About Jerome HallJerome Hall (1901-1992) was a pioneer in interdisciplinary analysis of legal problems. So influential is Hall’s scholarship that, though he died in 1992, his work is still cited regularly in major law journals. A member of the Indiana University Law faculty from 1939 to 1970, Hall was internationally recognized for his books, articles, and speeches on criminal law and jurisprudence. He was the only person to hold simultaneously the presidency of both the American Society for Political and Legal Philosophy and the American Section of the International Association for Philosophy of Law and Social Philosophy. Hall's full biography appears here.
During his long and distinguished career, Hall brought his astonishing breadth of knowledge to hundreds of Indiana University students and to the rest of the world. Asked by the U.S. Department of State to assist in the reconstruction of Korea's legal system in 1954, Hall was later named honorary director of the Korean Legal Institute and lectured in Japan, Formosa (Taiwan), the Philippines, and India. As a Fulbright Scholar, he lectured at the University of London and Queen’s University in Belfast, and, as a Ford Foundation Lecturer, he spoke in Mexico and South America. His books have been translated into Japanese, Korean, German, French, and Portuguese.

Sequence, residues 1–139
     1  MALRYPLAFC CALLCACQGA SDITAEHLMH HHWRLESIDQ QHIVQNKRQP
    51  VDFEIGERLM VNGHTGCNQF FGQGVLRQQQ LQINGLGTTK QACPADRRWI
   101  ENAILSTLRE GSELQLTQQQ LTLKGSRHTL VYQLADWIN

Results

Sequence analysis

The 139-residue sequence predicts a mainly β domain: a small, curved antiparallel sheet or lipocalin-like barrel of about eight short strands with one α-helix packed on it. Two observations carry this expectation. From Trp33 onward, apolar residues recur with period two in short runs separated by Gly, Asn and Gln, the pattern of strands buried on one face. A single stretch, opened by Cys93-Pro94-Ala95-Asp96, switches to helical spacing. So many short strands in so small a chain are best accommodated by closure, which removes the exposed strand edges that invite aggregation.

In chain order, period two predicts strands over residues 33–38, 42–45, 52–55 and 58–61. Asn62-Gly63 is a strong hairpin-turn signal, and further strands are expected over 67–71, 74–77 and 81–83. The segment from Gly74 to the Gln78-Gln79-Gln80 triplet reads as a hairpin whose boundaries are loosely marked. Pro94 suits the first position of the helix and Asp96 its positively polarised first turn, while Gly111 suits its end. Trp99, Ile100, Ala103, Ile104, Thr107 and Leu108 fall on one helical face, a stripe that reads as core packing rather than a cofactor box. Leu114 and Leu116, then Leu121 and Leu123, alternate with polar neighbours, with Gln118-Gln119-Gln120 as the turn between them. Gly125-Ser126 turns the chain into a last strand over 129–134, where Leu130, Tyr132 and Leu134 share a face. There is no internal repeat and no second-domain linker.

Never one to rest, after his retirement from Indiana in 1970, Hall joined Hastings College Sixty-Five Club of legal scholars who were invited to San Francisco to lecture full time after “retirement.”
Among Hall’s major books were:
- Theft, Law and Society (1935)
- Readings in Jurisprudence (1938)
- General Principles of Criminal Law (1947)
- Cases and Readings on Criminal Law and Procedure (1949)
- Living Law of Democratic Society (1949)
- Studies in Jurisprudence and Criminal Theory (1958)
- Comparative Law and Social Theory (1963)
- Foundations in Jurisprudence (1973)
- Law, Social Science and Criminal Theory (1982)
A full bibliography of his writings can be found here.
In 2015, Lowell E. Baier, a 1964 graduate of the Law School and one of Hall’s students, presented a major gift to the Maurer School of Law. As a result, the building was named in honor of Baier, and the law library became the Jerome Hall Law Library. At the naming ceremony Baier noted, “I am deeply honored by the opportunity to make this gift to the Law School. In particular, I am pleased that the library will be renamed in honor of Professor Hall, whose teaching and mentoring were so crucial to my success as a student, and whose wisdom has continued to guide me throughout my career. This gift will ensure the continuing integrity of the law school building and the law library, its very soul, inspiring the best in academic and scholastic achievement -- remember, a sense of place creates a sense of purpose.”To read a tribute to Hall, written by Lowell Baier, click here.